Mandela: "Father of the Nation"
Nelson Mandela (18 July 1918 – 5 December 2013) was a South African anti-apartheid revolutionary, politician and philanthropist who served as President of South Africa from 1994 to 1999. He was South Africa's first black chief executive, and the first elected in a fully representative democratic election. His government focused on dismantling the legacy of apartheid through tackling institutionalised racism, poverty and inequality, and fostering racial reconciliation.
Mandela served 27 years in prison, initially on Robben Island, and later in Pollsmoor Prison and Victor Verster Prison. An international campaign lobbied for his release, which was granted in 1990 amid escalating civil strife. Mandela joined negotiations with Nationalist President F. W. de Klerk to abolish apartheid and establish multiracial elections in 1994, in which he led the ANC to victory and became South Africa's first black president.
He gained international acclaim for his activism, having received more than 250 honours, including the 1993Nobel Peace Prize, the US Presidential Medal of Freedom, and the Soviet Order of Lenin. He is held in deep respect within South Africa, where he is often referred to by his Xhosa clan name, Madiba, or as Tata ("Father"); he is often described as the "Father of the Nation".
The Power of Sports
While football was plagued by racism, it also played a role in protesting apartheid and its policies. With the international bans from FIFA and other major sporting events, South Africa would be in the spotlight internationally. In a 1977 survey, white South Africans ranked the lack of international sport as one of the three most damaging consequences of apartheid. By the mid-1950s, Black South Africans would also use media to challenge the "racialisation" of sports in South Africa; anti-apartheid forces had begun to pinpoint sport as the "weakness" of white national morale. Black journalists for the Johannesburg Drum magazine were the first to give the issue public exposure, with an intrepid special issue in 1955 that asked, "Why shouldn't our blacks be allowed in the SA team?" As time progressed, international standing with South Africa would continue to be strained. In the 1980s, as the oppressive system was slowly collapsing the ANC and National Party started negotiations on the end of apartheid. Football associations also discussed the formation of a single, non-racial controlling body. This unity process accelerated in the late 1980s and led to the creation, in December 1991, of an incorporated South African Football Association. On 3 July 1992, FIFA finally welcomed South Africa back into international football.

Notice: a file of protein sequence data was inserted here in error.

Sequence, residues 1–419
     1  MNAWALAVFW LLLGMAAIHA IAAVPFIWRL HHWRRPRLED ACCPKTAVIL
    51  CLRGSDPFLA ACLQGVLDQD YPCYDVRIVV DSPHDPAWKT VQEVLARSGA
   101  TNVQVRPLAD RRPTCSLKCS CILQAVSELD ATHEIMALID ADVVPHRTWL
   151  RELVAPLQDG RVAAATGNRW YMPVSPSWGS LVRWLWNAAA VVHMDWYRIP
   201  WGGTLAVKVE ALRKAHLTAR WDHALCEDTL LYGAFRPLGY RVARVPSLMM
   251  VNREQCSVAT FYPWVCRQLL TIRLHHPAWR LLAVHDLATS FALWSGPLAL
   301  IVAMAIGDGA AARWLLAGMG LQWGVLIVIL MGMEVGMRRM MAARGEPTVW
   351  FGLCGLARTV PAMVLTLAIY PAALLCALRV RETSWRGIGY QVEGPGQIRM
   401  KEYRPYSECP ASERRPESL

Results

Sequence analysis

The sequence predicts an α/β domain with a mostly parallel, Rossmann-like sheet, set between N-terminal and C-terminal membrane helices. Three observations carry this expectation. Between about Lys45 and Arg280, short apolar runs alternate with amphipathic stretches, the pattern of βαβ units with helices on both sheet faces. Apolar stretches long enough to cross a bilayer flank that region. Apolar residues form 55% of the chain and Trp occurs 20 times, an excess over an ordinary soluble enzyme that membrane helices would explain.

Sport has long been an important part of life in South Africa, and the boycotting of games by international teams had a profound effect on the white population, perhaps more so than the trade embargoes did. After the re-acceptance of South Africa's sports teams by the international community, sport played a major unifying role between the country's races. Mandela's open support of the previously white-dominated rugby fraternity when South Africa hosted and won the 1995 Rugby World Cup went a long way to repairing broken race relations.